'Intergovernmental Control' Not Needed

Article excerpt

Byline: John Zarocostas, SPECIAL TO THE WASHINGTON TIMES

In a separate Geneva interview on the same subject, Mr. Zarocostas also spoke with Allen Z. Miller, senior vice president for global affairs with the Information Technology Association of America (ITAA), an umbrella group for more than 400 information-technology corporations.

Question: What are the views of the ITAA on the four models for Internet oversight to be considered this autumn in Tunisia at the World Summit on the Information Society (WSIS)?

Answer: Well, I think the options represent an entire range of possibilities that could be taken. Actually, the ITAA doesn't agree with any of those options. First of all, we don't need intergovernmental control of the Internet, and second, we don't need a new forum to discuss the issues. There are plenty of fora that are already available, and we should use them.

Q: What about all this U.N. process and the summit conference in Tunisia in November?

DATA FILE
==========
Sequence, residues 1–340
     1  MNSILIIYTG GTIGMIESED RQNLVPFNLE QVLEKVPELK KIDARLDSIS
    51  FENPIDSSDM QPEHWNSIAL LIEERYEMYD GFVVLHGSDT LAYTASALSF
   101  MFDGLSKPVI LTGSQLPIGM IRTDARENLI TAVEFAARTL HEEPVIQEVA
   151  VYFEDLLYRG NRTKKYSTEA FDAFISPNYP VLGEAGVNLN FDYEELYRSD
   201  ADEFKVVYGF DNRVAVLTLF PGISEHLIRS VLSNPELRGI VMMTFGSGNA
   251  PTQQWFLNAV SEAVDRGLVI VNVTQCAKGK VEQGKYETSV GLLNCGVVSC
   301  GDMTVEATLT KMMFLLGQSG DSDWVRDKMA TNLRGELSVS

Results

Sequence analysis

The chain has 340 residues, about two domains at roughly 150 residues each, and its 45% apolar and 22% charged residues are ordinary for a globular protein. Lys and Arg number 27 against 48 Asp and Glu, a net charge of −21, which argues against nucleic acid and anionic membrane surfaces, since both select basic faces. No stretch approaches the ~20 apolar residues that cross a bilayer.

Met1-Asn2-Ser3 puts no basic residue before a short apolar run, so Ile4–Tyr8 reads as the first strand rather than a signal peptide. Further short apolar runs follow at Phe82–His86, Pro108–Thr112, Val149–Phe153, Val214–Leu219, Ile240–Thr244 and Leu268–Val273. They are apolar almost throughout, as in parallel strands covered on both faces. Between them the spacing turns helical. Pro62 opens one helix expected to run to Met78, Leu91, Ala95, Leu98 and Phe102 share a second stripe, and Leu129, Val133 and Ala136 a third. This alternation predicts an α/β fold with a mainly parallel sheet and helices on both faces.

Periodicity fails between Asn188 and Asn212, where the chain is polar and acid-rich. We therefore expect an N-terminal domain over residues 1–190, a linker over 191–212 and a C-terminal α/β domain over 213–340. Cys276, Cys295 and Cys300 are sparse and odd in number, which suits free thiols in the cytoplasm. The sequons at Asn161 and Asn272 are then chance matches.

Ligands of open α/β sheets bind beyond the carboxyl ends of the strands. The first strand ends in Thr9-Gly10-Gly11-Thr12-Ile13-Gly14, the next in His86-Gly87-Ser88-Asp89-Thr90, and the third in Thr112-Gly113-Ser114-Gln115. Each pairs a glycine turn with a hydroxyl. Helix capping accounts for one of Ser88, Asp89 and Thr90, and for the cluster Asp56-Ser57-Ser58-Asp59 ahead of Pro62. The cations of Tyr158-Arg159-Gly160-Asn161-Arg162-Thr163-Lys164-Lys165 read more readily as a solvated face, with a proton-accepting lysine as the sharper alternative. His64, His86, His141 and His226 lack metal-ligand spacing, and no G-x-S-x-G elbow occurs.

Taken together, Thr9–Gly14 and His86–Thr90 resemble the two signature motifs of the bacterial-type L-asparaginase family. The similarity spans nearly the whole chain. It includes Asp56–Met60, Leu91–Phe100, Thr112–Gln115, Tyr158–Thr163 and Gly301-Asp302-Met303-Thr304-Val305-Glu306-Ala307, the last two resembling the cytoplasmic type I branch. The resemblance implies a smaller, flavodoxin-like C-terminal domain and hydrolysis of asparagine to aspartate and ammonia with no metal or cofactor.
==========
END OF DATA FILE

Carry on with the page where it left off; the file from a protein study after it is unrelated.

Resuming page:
A: Well, I think the U.N. process is a useful exercise. Clearly, we are sympathetic to the needs of the developing countries and the need to be able to push the Internet into areas where it is not today. And by spotlighting these needs, WSIS has provided a useful place to spotlight it and to discuss possible solutions to the problems.

Q: The report says no single government should have a pre-eminent role in relation to international Internet governance. What's your response?

A: Well, I think that's an ideal that we should all be striving for and are striving for. On the other hand, it's the history of the situation that has enabled the U.S. government to have that role today. Certainly, business is concerned with the stability of the Internet - most businesses, particularly in developed countries, have developed business models that are in many ways dependent upon the Internet.

Our concern is that nothing be done that would disrupt the Internet. …